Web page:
WSDL versioning considerations

Managing WSDL versions is a common problem that is faced by web services developers. Some guidance is provided to help address the problem.

Link changes to requirement messages

You import some WSDL documents and create tests from them. Then, you are given new versions of the WSDL documents. How do you then update your tests to use the new format messages. What happens to added fields, removed fields, moved fields and altered structure. Can you continue to use the old version of the WSDL documents.

The easiest way that you can propagate changes to tests are by linking them to requirement messages. A good practice is to create your requirement messages by using the WSDL document and drag the message onto your message action in the test. When the WSDL document changes, for example, you overwrite the old WSDL document with the new one, you can change the requirement messages, which then propagate to the test artifacts. This approach handles the added fields, removed fields, moved fields and altered structure, but you might have to change the test based on the function of the test. A good practice is to run your regression tests again to make sure that nothing breaks the test.

If you are importing a new version of the WSDL documents, but do not want to delete the old one, you can treat the new versions of the WSDL documents as a new artifact and link them to new tests. Cases where you might not want to delete the old versions are want to keep different versions of tests for different releases or drops. When you treat the new versions as new artifacts, you can copy the old tests and rename them into a different folder structure, for example, V2 and then use the process that is mentioned earlier to link the requirement messages to the test.

You must determine from the WSDL documents what changed and therefore if that change breaks your test. For example, if namespaces changed then this change breaks the test, since running the tests on the old format cannot work as the message signature is different. The same result applies if mandatory fields are added. However, adding new optional fields in the WSDL document is not a change that breaks the test. You can continue to run the old version of the WSDL documents.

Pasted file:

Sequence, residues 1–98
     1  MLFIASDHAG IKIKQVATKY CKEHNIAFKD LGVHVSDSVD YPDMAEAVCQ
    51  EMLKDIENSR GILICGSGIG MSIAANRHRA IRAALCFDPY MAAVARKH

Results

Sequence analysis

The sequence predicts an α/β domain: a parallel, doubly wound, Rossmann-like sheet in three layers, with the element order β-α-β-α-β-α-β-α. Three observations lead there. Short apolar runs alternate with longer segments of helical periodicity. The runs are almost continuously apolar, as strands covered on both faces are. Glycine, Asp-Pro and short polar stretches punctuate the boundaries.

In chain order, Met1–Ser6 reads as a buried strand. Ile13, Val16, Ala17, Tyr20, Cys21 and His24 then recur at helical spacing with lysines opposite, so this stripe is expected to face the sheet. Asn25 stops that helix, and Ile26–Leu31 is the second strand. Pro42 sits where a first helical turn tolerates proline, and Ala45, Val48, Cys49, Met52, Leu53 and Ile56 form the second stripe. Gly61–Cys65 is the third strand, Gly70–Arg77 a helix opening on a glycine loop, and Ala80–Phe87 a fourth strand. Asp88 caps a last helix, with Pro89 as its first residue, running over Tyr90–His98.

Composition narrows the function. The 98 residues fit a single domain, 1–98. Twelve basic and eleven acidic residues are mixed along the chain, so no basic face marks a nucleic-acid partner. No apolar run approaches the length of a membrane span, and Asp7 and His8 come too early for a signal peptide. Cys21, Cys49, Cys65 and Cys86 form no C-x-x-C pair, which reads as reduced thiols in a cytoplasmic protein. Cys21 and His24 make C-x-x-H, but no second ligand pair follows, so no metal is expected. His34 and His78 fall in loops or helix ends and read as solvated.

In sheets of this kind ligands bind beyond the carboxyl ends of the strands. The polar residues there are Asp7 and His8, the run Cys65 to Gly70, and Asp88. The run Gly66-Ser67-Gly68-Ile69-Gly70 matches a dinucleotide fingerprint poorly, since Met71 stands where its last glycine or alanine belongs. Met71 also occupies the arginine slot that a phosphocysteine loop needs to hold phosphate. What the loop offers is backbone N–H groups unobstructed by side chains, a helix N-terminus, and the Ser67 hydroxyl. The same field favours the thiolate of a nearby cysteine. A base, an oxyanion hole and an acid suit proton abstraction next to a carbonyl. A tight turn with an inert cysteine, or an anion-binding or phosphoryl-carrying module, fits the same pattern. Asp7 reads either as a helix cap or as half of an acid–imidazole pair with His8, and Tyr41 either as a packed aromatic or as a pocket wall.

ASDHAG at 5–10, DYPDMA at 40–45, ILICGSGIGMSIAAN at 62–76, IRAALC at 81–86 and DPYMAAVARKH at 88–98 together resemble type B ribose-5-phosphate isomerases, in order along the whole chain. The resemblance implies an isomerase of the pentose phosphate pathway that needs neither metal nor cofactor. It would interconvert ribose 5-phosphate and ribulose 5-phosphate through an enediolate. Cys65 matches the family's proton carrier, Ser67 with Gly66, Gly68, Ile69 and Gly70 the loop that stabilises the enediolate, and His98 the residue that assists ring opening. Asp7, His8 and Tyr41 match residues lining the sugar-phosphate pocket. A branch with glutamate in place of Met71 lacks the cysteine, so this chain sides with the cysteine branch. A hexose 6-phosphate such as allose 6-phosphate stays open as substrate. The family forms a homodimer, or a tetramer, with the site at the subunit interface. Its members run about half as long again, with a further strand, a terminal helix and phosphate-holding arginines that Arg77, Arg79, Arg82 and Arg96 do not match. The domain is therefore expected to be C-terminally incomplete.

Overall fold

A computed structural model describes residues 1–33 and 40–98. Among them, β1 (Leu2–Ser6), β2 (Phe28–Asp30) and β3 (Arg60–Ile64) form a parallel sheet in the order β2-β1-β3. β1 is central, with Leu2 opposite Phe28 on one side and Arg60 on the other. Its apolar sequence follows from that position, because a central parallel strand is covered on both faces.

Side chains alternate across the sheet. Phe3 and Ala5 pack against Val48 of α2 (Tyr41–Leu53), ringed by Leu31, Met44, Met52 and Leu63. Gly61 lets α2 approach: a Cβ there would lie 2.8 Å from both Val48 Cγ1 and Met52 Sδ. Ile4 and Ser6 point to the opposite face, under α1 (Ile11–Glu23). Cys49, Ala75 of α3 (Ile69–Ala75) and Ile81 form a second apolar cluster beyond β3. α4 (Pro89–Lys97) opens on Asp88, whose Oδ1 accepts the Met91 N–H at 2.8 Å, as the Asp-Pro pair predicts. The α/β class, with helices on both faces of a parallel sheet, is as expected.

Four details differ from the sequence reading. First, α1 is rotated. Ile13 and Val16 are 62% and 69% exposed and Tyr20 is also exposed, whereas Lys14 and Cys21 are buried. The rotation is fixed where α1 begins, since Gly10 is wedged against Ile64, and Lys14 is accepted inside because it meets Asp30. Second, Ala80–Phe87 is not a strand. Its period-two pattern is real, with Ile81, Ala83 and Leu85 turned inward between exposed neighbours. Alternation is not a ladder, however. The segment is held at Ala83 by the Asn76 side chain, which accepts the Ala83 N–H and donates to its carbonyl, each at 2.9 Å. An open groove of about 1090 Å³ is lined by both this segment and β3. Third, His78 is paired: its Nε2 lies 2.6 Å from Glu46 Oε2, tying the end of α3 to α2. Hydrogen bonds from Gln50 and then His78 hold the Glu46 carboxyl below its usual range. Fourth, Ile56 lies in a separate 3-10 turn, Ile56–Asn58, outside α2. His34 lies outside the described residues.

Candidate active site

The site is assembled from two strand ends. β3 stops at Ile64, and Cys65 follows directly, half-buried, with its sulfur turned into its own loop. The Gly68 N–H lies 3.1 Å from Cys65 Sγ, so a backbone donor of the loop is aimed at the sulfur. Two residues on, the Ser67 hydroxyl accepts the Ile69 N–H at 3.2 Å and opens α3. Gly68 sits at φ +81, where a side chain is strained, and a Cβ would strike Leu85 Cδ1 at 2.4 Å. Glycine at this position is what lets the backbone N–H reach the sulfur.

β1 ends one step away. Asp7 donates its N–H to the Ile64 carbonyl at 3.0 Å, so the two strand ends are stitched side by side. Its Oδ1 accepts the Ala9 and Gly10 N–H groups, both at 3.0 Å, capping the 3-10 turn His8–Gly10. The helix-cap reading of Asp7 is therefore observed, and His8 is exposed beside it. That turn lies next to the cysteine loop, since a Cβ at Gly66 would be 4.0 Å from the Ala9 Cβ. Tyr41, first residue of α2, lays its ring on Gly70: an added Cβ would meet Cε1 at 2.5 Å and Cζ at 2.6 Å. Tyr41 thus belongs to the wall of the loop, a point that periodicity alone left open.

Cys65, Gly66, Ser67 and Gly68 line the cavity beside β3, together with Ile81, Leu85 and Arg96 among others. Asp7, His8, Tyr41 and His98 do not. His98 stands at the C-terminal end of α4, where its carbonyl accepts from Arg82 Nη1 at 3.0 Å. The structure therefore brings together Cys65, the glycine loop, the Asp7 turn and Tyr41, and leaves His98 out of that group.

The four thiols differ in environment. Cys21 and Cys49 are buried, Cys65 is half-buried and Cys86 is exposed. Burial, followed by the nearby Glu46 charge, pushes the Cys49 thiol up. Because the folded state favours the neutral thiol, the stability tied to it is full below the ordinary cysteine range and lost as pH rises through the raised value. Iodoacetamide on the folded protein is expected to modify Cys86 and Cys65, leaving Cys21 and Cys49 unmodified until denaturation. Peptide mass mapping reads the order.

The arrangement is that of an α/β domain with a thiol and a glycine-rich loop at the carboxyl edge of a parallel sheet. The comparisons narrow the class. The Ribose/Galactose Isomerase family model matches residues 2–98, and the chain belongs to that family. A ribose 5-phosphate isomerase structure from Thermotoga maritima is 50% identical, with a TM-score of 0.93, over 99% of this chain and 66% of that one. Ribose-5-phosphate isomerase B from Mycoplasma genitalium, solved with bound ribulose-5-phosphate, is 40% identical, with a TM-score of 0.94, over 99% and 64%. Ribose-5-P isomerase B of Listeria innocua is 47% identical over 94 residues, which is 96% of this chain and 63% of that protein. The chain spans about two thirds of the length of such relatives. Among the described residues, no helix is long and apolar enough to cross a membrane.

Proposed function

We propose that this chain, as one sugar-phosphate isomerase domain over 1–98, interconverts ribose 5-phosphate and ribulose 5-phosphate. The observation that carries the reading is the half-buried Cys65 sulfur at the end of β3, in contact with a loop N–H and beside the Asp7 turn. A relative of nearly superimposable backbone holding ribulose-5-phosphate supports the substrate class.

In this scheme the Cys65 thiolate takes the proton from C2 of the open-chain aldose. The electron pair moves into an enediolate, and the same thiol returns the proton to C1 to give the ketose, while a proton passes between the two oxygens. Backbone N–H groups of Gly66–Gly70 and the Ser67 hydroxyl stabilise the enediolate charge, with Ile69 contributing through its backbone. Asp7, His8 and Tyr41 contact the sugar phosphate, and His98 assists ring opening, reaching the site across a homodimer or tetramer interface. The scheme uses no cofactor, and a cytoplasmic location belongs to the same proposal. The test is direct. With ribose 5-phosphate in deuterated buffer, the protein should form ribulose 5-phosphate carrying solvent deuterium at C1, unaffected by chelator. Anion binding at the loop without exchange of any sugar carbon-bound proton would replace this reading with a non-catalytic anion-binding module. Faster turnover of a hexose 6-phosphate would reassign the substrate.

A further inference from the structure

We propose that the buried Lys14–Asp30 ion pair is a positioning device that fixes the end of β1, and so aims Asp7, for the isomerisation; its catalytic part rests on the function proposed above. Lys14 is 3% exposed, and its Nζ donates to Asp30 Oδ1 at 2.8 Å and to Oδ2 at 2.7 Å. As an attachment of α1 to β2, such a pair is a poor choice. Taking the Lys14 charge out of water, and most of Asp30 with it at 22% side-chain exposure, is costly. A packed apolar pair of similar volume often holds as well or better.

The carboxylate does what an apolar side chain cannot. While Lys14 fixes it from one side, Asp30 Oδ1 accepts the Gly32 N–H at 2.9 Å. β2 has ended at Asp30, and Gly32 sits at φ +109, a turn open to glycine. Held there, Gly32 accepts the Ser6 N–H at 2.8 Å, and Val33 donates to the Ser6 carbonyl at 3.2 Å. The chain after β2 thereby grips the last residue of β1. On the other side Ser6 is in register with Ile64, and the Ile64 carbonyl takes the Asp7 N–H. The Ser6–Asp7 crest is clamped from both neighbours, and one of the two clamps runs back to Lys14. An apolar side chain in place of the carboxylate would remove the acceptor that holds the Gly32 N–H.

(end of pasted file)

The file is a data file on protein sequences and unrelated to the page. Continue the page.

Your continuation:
Some of these resources can help you manage changing WSDL versions.

Designing and versioning compatible Web services
Designing and versioning compatible Web services provides guidelines for versioning based on real-world experiences, and describes a strategy for evolving Web services that use WebSphere® software, including WebSphere Services Registry and Repository, Process Server, and WebSphere Integration Developer.
Best practices for Web services versioning
Best practices for Web services versioning outlines the scope of the versioning difficulties facing web services developers, provides some template solutions, and discusses architectures and best practices for addressing the problem.
Develop and Deploy Web Services as OSGi Bundles
Develop and Deploy Web Services as OSGi Bundles describes a step-by-step approach to developing and deploying web service components as OSGi bundles. Apache CXF's distributed OSGi framework, cxf-dosgi, is used with Eclipse's Equinox OSGi framework for developing and deploying the service bundles. A simple web application client is developed to access the distributed service bundles. A web service provider often faces the challenge of supporting multiple versions of a service at the same time. The article also demonstrates how OSGi provides a clean and uncluttered environment to facilitate just such a need.
Service versioning in SOA
Using service-oriented architectures as a way of enabling flexible and resilient enterprises is becoming widespread. Success with initial SOA deployments let architects and developers focus on things that are common to all business and IT systems. One such constant in any system is change. Service versioning in SOA discusses the challenge of change in SOA and describes a model that helps address the challenge.
Web Services Management and Governance Best Practices
Web Services Management and Governance Best Practices provides recommended practices for service versioning, service contract management, and service monitoring. Additional considerations for effective service management and governance are also provided.
Enhance UDDI to manage Web services
Enhance UDDI to manage Web services presents a potential enterprise solution for configuring security and versioning in an enterprise architecture that spans various partners. It aims to increase interoperability, scalability, and quality of enterprise services. Ultimately, you can enhance a distributed business model and improve the process performance by portraying Universal Description, Discovery and Integration (UDDI) as a comfortable and powerful enabler in the web service invocation process. The article illustrates how to use UDDI as an XML-based registry and as a security and configuration management solution. The authors look into the UDDI intricacies, providing easy and simple mapping with the WSDL (Web Services Description Language) to build the UDDI registry effortlessly. They also discuss in detail the logical architecture for using the IBM® WebSphere UDDI.
Introduction to SOA governance
Introduction to SOA governance explores how IBM defines service-oriented architecture (SOA) governance. The article explains what it is and why it's critical to the success of your SOA project.